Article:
COUNTING AND CRACKING
Town Hall, January 15
Language is weaponised to deadly effect in Counting and Cracking. Credit:Brett Boardman
The strength of an arts festival is the opportunity it provides to tell an ambitious tale by voices we rarely hear.
This epic Sydney Festival show does that, moving across time and between Sri Lanka and Australia, where into the Georges River, a young man pours his grandmother's ashes.
Sid is an Australian-born Sri Lankan, unfamiliar with Hindu funeral rites and more comfortable in board shorts than a white cotton lungi, more familiar with Coogee than Colombo. Releasing the dead in a land far from their birthplace is a powerful start to a family saga that unfolds over half a century.
Although Sid begins the tale in 2004, it is his mother Radha who is its heart. Radha is not a woman to mess with. She's strong-willed, independent and determined. She has had to be. Pregnant with Sid (short for Siddhartha) she fled a violent Sri Lanka and her husband's murder. She doesn't speak of the past, so Sid knows nothing of his father.
Besides, the student is smitten with Lily, a young Yolngu woman from Arnhem Land who knows her family's history backwards. But a phone call alters their lives.
Act two rewinds to mid-1950s Sri Lanka where Radha is born at a pivotal time. The country where the Tamil minority and Sinhalese majority have lived harmoniously is about to change. Sinhala is to become the official language. It is a politically expedient and divisive move that will marginalise the Tamils, and one Radha's politician grandfather (Prakash Belawadi) opposes: "Two languages, one country. One language, two countries."
With language weaponised to deadly effect, the play's performance in several languages – simultaneously translated – is potent and works effectively.
Playwright and Co-Curious' artistic director S. Shakthidharan creates a marvellously detailed story, with rich characters accessible to those unfamiliar with Sri Lanka's history.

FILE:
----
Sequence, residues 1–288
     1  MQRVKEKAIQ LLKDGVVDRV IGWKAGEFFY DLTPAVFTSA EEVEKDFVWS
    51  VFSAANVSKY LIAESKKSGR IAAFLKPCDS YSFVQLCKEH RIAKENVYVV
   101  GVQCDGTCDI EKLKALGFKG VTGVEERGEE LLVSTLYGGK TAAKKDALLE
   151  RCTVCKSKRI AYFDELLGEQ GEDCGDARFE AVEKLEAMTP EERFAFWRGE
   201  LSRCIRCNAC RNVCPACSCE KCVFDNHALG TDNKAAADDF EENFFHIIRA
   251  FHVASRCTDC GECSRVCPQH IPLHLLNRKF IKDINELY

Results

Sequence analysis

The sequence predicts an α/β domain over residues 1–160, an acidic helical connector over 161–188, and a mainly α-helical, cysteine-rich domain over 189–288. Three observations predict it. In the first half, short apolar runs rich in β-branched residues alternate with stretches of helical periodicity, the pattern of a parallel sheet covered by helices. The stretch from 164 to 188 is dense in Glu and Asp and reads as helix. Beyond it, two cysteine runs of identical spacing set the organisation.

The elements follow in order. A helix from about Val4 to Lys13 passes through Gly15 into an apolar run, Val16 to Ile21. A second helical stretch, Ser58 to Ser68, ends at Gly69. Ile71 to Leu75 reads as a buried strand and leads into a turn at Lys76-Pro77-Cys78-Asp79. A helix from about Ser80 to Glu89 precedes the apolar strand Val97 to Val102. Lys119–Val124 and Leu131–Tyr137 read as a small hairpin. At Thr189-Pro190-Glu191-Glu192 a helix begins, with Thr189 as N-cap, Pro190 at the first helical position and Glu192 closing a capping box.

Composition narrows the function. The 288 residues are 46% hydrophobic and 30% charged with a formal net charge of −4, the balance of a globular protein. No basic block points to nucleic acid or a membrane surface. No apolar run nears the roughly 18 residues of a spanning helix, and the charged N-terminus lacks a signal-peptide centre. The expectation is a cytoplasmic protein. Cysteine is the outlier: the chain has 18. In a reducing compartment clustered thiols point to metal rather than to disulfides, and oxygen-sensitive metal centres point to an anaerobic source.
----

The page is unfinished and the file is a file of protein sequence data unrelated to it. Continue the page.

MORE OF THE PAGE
It is also a story about Australia, where the politics of division are being whipped up.
There are magical moments in this production directed by Eamon Flack: the exuberance as Sid bodysurfs across the stage, live musicians playing Skype's familiar call tone using Sri Lankan instruments.
The piece needs tightening, particularly in the middle act. Several threads dangle or meander. The efforts of an air conditioner man (a comic Hazem Shammas) to woo Radha, early in the piece is dismissed with just a line in act three. What becomes of a young woman who joins the Tamil Tigers, or a young man who joins the army? Yet the journey of Radha's husband and Sid's father, Thirru (Antonythasan Jesuthasan and Jay Emmanuel), was skipped over.
Not since Cloudstreet in 1998 when Belvoir moved to a tin shed at then-derelict Barangaroo – before those hideous towers were plonked there – has the company willingly vacated its intimate home or created from scratch such an ambitious family epic.
The venue for this is Sydney's Town Hall, symbolically a place where community can unite – and readily access public transport.
Great effort has been put into transforming the main hall into a theatre, with banks of seats installed. Dale Ferguson's economical set signals shifting times and places, while Sri Lankan food served beforehand gives a taste of the country. Yet the cavernous space rather overwhelms the production, particularly its more intimate scenes.
Flack has assembled an impressive international cast of 17 actors. A joy of the production is the strength of the women's roles and their realisation.
As the older Radha, Nadie Kammallaweera is played with intelligence, wit and fortitude. And she is ably supported by Vaishnavi Suryaprakash as the younger Radha. Rarriwuy Hick as Lily and Sukania Venugopal as Aacha are delightful.
Shiv Palekar is endearing as Sid, in a generous, expansive tale where past and present collide.
Until February 2
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